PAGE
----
Happy New Year!

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25 December: Unto us a Son is given.

L’Arche Kent

Unto us a Son is given

      Given, not lent,
   And not withdrawn—once sent—
This Infant of mankind, this One,
Is still the little welcome Son.

      New every year,
   New-born and newly dear,
He comes with tidings and a song,
The ages long, the ages long.

      Even as the cold
   Keen winter grows not old;
As childhood is so fresh, foreseen,
And spring in the familiar green;

      Sudden as sweet
   Come the expected feet.
All joy is young, and new all art,
And He, too, Whom we have by heart.

Alice Meynell, Later Poems, 1902.

By Heart’ does not mean – or should not mean – so well known that we do not appreciate the Infant of Christmas and take His Story for granted. I’d be tempted to say that Childhood is so fresh and unforeseen, after spending time with my grandsons. The feet are expected, but not where the feet take them. Joy is young, in the anticipation and the execution of scaling the climbing frame and whooshing down the slide, of trying out sounds: the Word of God was once Gada, gada, gada!

We don’t have to understand Christmas to enjoy it. Even when times are hard, as they are for so many this year, rejoice, and do not reason why. Just because.

Merry Christmas from us all, Will.

Image from L’Arche.

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Going viral LVI: Jo’s Joy


Here is the latest bulletin from Rev Jo Richards of St Dunstan’s, Canterbury. Advent has been a bit different this year!

I must share with you the joy of yesterday – I was invited to take a Christingle service in a local primary school – last year they packed St Dunstan’s church, twice over, and for obvious reasons they couldn’t come to St Dunstan’s and I went to school. Two assemblies – one year R 4&5 year olds, and then year 3: 7 & 8 year olds. They are making Christingles, and I took my ‘giant Christingle’ and we talked through the symbolism of it all….despite all the covid disruption these children were a delight and so interested and engaging. Then we had Q&A session. The most profound questions that came from the Yr 3 children: If Jesus was such a good person, why was he killed, where is Jesus now? How did the Resurrection take place? And this went on for about 20 mins – just amazing, and all so thoughtful, and again the children all so incredibly well behaved. It was an absolute joy to share the morning with them.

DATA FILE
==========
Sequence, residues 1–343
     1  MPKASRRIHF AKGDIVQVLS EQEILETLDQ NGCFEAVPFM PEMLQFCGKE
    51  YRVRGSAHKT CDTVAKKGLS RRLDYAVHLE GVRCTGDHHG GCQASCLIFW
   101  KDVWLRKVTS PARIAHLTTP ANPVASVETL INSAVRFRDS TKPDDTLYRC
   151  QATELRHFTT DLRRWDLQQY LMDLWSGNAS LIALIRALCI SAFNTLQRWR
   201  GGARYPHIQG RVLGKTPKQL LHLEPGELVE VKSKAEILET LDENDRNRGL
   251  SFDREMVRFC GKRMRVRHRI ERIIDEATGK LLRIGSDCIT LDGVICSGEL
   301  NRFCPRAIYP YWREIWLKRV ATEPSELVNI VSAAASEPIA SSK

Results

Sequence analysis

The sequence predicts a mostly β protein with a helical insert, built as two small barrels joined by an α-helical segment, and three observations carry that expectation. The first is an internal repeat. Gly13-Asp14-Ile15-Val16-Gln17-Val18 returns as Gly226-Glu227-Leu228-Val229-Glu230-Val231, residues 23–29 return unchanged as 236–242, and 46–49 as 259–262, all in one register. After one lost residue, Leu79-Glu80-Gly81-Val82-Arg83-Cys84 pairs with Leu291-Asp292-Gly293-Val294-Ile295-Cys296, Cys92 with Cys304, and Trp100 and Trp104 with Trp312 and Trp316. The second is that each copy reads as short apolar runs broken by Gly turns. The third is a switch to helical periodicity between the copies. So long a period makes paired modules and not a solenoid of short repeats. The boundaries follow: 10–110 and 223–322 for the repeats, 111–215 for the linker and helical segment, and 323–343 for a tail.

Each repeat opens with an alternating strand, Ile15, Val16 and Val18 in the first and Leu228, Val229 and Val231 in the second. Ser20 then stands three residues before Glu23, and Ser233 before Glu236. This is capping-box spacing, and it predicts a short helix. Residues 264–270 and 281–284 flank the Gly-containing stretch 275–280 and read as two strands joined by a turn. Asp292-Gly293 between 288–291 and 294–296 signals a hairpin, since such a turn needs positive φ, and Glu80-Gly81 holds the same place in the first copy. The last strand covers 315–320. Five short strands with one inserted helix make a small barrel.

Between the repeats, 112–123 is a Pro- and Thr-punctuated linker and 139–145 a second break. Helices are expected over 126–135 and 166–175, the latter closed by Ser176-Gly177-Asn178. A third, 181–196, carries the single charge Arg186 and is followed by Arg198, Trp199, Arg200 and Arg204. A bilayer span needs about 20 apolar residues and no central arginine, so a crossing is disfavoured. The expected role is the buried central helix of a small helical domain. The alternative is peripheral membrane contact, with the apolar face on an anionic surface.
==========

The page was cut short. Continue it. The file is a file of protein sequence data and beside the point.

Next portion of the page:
You’ve probably noticed that the ‘Going Viral’ posts are well and truly out of sequence, and have doubtless concluded either that Will has lost it, or that some posts are scheduled a little in advance, while others are posted on or soon after we hear from someone with an interesting tale. Thank you, Jo. for today and other days!

Will

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November 29: Doctor Johnson and the Survival Tree.

The once lone rowan, dubbed The Survivor, near Moffat is now surrounded by emerging native woodland.
The Survivor Tree

More than 200 years ago Dr Johnson was visiting Scotland, and commented often on the desolation caused by the lack of trees. It’s taken the climate emergency for action to be taken but that action is paying off. First, Dr Johnson:
“It is natural, in traversing this gloom of desolation, to inquire, whether something may not be done to give nature a more cheerful face, and whether those hills and moors that afford heath cannot with a little care and labour bear something better?  The first thought that occurs is to cover them with trees, for that in many of these naked regions trees will grow, is evident, because stumps and roots are yet remaining; and the speculatist hastily proceeds to censure that negligence and laziness that has omitted for so long a time so easy an improvement. To drop seeds into the ground, and attend their growth, requires little labour and no skill.  He who remembers that all the woods, by which the wants of man have been supplied from the Deluge till now, were self-sown, will not easily be persuaded to think all the art and preparation necessary, which the Georgick writers prescribe to planters.  Trees certainly have covered the earth with very little culture.  They wave their tops among the rocks of Norway, and might thrive as well in the Highlands and Hebrides.

He that calculates the growth of trees, has the unwelcome remembrance of the shortness of life driven hard upon him.  He knows that he is doing what will never benefit himself; and when he rejoices to see the stem rise, is disposed to repine that another shall cut it down. Plantation is naturally the employment of a mind unburdened with care, and vacant to futurity, saturated with present good, and at leisure to derive gratification from the prospect of posterity.  He that pines with hunger, is in little care how others shall be fed.  The poor man is seldom studious to make his grandson rich.  It may be soon discovered, why in a place, which hardly supplies the cravings of necessity, there has been little attention to the delights of fancy, and why distant convenience is unregarded, where the thoughts are turned with incessant solicitude upon every possibility of immediate advantage.

from “Journey to the Western Islands of Scotland” by Samuel Johnson)

And here is a hopeful story from Scotland; a video clip on a remarkable and inspiring tree being helped out of loneliness.

This is still a good time to plant trees in our neighbourhood.